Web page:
Running Myths Part 4: Strength Training Will Fix Poor Running Technique

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Strength Training will Fix Poor Running Technique

This series focuses on a number of myths we often hear at Sycamore Health relating to physiotherapy and exercise. Our goal is not that you become discouraged from exercising, but rather that you train safely, effectively and often!

There are a lot of misconceptions when it comes to heavy strength training and running. We know there’s strong evidence that resistance training has a myriad of health benefits and reduces the risk of overuse injury in athletes by approximately 50% (Lauersen et al., 2014). Despite strong evidence of strength trainings utility for runners, many simply avoid lifting heavy things and instead just run more!

It’s commonly believed that the key to “fixing” poor running technique is to incorporate certain special exercises in the gym. Knee valgus (when the knee collapses inwards towards the midline – see picture), which can be controlled by the gluteal muscles, is sometimes observed in runners. When this knee valgus is “excessive” (whatever that means), a runner’s chance of certain injuries (e.g., patellofemoral pain, iliotibial pain) increases (2, 3).

So, what do you do? 

Sometimes physiotherapists will attempt to reduce knee valgus by training the aforementioned gluteal muscles in an effort to reduce hip adduction and therefore reduce knee valgus.

Fair enough, right?

Well, unfortunately there’s no evidence to suggest that strengthening the gluteal muscles will reduce hip adduction during running (4). That’s right, there’s little evidence that weak gluteals are associated with hip adduction during running (1).

Some studies suggest that a structured running program that aims to retrain a runners gait can reduce hip adduction, but the focus of these programs is not on strengthening glutes, but rather on improving the coordination of the hip during running (5).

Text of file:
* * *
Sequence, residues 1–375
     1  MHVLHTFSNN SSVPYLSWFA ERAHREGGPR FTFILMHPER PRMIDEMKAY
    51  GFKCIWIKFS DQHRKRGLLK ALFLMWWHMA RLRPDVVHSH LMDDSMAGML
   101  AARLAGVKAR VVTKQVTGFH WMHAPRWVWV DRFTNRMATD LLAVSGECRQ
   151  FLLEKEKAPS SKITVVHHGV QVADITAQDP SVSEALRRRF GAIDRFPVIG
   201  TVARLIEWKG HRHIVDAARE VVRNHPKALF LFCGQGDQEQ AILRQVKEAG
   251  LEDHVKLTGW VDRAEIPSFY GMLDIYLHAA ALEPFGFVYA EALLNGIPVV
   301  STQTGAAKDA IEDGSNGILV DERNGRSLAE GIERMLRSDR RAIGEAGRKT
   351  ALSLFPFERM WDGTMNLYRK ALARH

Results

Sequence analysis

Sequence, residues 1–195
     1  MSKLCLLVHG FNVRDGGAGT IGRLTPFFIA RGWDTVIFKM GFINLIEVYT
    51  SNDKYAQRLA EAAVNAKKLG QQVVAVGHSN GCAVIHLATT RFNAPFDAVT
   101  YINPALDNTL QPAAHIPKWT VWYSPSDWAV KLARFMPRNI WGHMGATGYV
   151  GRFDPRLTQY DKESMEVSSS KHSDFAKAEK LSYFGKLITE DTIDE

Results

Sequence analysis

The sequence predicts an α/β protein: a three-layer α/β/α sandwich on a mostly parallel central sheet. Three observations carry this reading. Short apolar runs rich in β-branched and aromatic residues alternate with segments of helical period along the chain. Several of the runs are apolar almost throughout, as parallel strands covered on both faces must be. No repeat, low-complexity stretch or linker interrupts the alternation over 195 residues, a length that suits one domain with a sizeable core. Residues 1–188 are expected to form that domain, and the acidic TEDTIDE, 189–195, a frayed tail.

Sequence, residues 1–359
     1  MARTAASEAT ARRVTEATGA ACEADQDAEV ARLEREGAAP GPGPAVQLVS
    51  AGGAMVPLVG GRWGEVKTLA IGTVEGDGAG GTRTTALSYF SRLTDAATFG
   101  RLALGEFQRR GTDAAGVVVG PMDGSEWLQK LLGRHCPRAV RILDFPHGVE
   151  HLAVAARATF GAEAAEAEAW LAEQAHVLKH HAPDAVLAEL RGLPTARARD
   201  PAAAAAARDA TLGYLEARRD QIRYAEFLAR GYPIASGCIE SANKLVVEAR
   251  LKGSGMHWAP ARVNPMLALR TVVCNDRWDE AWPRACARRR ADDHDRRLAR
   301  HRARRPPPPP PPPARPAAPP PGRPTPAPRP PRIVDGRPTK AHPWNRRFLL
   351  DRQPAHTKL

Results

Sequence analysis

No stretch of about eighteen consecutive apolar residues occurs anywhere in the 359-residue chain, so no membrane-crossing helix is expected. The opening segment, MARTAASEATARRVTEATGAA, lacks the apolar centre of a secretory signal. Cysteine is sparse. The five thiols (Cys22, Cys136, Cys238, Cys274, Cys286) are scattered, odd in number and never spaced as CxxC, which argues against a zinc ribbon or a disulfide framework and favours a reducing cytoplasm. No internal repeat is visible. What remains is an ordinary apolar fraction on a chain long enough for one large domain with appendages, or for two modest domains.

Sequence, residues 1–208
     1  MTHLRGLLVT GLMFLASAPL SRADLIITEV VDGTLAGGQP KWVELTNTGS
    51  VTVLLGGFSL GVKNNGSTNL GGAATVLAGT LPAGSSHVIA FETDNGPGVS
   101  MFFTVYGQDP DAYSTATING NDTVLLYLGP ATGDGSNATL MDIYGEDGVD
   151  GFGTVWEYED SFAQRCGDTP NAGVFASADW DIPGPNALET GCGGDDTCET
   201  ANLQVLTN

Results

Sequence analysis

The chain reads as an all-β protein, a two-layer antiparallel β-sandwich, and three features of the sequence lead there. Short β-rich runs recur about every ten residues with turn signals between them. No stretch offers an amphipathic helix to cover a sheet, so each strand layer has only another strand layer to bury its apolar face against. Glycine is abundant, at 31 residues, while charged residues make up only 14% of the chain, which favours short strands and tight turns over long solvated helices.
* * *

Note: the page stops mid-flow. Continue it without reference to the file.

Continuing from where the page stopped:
Next in this series: Running Myths Part 5: Runners Should Do "Functional" Exercises

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1. Baggaley, M., Noehren, B., Clasey, J. L., Shapiro, R., & Pohl, M. B. (2015). Frontal plane kinematics of the hip during running: Are they related to hip anatomy and strength? Gait & Posture, 42(4), 505-510. doi: 10.1016/j.gaitpost.2015.07.064
2. Neal, B. S., Barton, C. J., Gallie, R., O’Halloran, P., & Morrissey, D. (2016). Runners with patellofemoral pain have altered biomechanics which targeted interventions can modify: A systematic review and meta-analysis. Gait & Posture, 45, 69-82. doi: 10.1016/j.gaitpost.2015.11.018
3. Reed, F., Brian, N., Joseph, H., & Irene, D. (2010). Competitive Female Runners With a History of Iliotibial Band Syndrome Demonstrate Atypical Hip and Knee Kinematics. Journal of Orthopaedic & Sports Physical Therapy, 40(2), 52-58. doi: 10.2519/jospt.2010.3028
4. Richard, W. W., & Irene, S. D. (2011). The Effect of a Hip-Strengthening Program on Mechanics During Running and During a Single-Leg Squat. Journal of Orthopaedic & Sports Physical Therapy, 41(9), 625-632. doi: 10.2519/jospt.2011.3470
5. Willy, R. W., Scholz, J. P., & Davis, I. S. (2012). Mirror gait retraining for the treatment of patellofemoral pain in female runners. Clinical Biomechanics, 27(10), 1045-1051. doi: 10.1016/j.clinbiomech.2012.07.011

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